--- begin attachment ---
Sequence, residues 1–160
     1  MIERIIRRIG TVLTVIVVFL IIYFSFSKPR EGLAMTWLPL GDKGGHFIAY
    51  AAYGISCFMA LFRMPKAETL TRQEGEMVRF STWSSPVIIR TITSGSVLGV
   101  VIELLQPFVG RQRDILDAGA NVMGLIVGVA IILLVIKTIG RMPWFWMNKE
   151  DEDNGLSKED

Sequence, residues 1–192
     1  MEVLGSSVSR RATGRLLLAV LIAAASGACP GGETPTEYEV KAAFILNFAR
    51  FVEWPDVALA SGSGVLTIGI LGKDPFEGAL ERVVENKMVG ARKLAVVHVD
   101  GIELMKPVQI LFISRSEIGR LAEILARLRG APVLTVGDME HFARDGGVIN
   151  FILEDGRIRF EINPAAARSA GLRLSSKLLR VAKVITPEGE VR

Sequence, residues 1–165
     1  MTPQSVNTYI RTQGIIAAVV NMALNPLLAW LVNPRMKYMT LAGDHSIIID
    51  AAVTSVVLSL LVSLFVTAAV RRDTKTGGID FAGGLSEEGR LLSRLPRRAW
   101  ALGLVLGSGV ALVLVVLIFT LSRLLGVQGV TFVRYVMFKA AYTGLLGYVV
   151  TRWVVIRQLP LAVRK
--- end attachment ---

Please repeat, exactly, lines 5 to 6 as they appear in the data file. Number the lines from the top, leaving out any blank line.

   151  DEDNGLSKED

Sequence, residues 1–192